C0 note (16,35 Hz) — vibrating on liquid surface

D0 note (18.35 Hz) — vibrating on liquid surface

C0 note (16,35 Hz) — vibrating on liquid surface

F0 note (21.83 Hz) — vibrating on liquid surface

G0 note (24.50 Hz) — vibrating on liquid surface

A0 note (27.50 Hz) — vibrating on liquid surface

Hauser, Fritz: Second Thought 



Basic information

  • Title: 
    Second Thought
  • Composer: 
  • Duration (in minutes): 
  • Year of composition: 
  • First performance (year): 
  • First performance (venue): 
    Canberra, Austalia
  • First performance (performers): 
    Synergy Percussion Australia
  • Keywords: 


  • Program notes: 

    SECOND THOUGHT was inspired by the Japanese giant crab (takāshigani). I once assisted the process moulting, a long and complicated process. The piece starts of with the dream of the takashigani, being as fast as a squirrel. Then reality sets in and time slows down. As the animal tries to get out of its complicated ‘shell’ it fights against all kinds of obstacles one of which is the fact that it has six legs to free.

    (Here is a scientific explanation:
    Once crabs have become juveniles they will still have to keep moulting many more times to become adults. They are covered with a hard shell, which would otherwise prevent growth. The moult cycle is coordinated by hormones. When preparing for moult, the old shell is softened and partly eroded away, while the rudimentary beginnings of a new shell form under it. At the time of moulting, the crab takes in a lot of water to expand and crack open the old shell at a line of weakness along the back edge of the carapace. The crab must then extract all of itself – including its legs, mouthparts, eyestalks, and even the lining of the front and back of the digestive tract – from the old shell. This is a difficult process that takes many hours, and if a crab gets stuck it will die. After freeing itself from the old shell (now called an exuvia) the crab is extremely soft and hides until its new shell has hardened. While the new shell is still soft, the crab can expand it to make room for future growth.)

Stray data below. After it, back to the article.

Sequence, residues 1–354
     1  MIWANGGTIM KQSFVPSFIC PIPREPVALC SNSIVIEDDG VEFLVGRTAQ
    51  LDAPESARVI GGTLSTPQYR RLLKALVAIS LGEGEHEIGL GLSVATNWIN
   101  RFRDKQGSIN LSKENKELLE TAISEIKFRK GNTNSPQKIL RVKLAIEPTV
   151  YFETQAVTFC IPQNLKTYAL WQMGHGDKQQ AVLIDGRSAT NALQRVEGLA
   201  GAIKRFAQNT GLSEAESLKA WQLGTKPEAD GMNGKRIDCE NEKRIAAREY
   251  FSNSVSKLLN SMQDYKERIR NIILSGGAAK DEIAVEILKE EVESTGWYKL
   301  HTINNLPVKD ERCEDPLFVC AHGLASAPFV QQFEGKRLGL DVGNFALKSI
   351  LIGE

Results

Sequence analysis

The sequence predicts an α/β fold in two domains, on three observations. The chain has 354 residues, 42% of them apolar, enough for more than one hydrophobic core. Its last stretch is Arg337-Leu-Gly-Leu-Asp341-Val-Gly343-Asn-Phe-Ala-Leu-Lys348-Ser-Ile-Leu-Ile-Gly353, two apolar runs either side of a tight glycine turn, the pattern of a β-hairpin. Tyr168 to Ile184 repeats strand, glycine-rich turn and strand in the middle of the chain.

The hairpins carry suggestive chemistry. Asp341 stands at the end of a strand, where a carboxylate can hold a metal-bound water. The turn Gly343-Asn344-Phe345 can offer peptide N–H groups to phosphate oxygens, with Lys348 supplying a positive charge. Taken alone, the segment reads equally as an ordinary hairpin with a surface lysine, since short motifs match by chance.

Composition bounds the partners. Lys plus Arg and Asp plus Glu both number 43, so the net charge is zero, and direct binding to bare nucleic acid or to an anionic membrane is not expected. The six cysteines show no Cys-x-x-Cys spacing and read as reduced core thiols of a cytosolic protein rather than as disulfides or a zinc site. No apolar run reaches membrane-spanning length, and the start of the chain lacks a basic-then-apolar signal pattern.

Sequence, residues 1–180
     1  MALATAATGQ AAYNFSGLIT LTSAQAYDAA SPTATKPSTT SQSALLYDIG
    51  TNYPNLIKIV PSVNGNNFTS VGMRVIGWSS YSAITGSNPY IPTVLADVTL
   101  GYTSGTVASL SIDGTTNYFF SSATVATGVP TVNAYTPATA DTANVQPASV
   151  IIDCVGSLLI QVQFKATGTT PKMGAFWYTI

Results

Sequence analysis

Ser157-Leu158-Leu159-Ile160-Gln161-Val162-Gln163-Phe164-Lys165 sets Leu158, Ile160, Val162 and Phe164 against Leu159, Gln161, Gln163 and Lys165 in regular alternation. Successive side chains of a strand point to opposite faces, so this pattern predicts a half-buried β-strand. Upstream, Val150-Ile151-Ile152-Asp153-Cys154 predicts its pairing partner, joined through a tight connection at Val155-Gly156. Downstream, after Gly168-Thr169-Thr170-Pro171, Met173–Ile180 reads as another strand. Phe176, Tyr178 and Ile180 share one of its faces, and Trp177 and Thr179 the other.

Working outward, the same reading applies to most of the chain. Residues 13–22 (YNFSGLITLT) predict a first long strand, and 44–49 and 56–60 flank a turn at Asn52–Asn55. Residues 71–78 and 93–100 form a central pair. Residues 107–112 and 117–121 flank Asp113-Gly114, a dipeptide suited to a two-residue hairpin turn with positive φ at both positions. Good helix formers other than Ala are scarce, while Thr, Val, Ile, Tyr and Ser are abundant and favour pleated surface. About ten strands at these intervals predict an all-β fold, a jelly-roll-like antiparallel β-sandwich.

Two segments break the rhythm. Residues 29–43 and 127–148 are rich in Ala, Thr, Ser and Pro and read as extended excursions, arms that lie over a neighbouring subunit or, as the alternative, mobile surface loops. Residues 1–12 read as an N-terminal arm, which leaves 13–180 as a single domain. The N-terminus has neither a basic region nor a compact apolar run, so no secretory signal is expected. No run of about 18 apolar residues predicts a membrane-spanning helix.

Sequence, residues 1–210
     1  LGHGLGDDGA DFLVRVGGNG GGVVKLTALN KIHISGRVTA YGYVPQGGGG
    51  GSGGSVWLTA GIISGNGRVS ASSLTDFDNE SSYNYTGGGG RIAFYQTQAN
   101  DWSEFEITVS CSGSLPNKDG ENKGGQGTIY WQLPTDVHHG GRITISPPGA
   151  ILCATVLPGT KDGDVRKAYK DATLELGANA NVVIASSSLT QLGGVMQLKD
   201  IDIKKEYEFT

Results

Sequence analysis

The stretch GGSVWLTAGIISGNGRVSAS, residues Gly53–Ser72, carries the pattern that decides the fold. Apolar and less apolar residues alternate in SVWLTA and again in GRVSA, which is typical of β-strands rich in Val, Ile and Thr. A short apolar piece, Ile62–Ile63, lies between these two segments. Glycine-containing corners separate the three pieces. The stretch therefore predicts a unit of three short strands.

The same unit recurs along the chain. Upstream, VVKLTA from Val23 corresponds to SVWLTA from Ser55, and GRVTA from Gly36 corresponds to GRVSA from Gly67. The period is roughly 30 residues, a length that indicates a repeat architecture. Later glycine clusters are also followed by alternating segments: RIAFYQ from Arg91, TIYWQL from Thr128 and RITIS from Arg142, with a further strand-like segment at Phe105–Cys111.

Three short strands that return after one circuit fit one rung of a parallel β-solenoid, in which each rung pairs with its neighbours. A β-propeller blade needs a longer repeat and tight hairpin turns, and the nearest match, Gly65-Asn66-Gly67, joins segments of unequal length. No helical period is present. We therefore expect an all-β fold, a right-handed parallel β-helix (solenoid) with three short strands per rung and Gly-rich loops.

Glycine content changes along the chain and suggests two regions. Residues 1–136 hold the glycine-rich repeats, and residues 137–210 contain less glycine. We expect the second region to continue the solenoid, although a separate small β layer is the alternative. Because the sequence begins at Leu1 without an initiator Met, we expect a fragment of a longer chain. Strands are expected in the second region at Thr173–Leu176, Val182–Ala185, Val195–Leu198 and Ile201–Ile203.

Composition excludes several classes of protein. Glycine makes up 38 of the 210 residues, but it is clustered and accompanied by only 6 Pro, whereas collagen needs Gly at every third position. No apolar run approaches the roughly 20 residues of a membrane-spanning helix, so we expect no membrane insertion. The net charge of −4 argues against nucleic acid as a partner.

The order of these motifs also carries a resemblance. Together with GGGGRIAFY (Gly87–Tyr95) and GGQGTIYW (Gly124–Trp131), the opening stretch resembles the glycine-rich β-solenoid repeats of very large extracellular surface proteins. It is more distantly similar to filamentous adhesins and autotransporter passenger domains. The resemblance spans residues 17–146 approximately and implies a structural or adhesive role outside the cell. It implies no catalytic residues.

• Technical specs: 

    SECOND THOUGHT is a piece for 3 percussionists and 1 Marimba (5 octaves). Each player covers a specific section of
    the instrument. Some notes may overlap the areas. Each player also uses 3 metal objects, positioned in front or on
    the side:
    Triangle (notated above the line)
    Bell cymbal (lasting bell-like sound, no crotales. Notated on the line)
    Splash cymbal (notated below the line)
    Triangles should vary in sound but not too much in size. Bell and Splash cymbals should be fairly small (6" - 10").
    Bell and Splash cymbals are to be played with vibraphone/marimba mallets, producing a full sound even when played
    soft. Triangles are to be played with metal beaters producing a bright and shiny sound.
    Marimba mallets should produce an overall homogenous sound. High register not too hard, low register not too soft.
    The glissandos should be produced with a wooden xylophone stick being loosely dragged over the diatonic notes of the
    marimba. The first and last note of the glissando should be played with the normal Marimba mallet. The glissandos
    vary in speed, fully using the rhythmic space.



Total number of musicians: 
5-Octave Marimba



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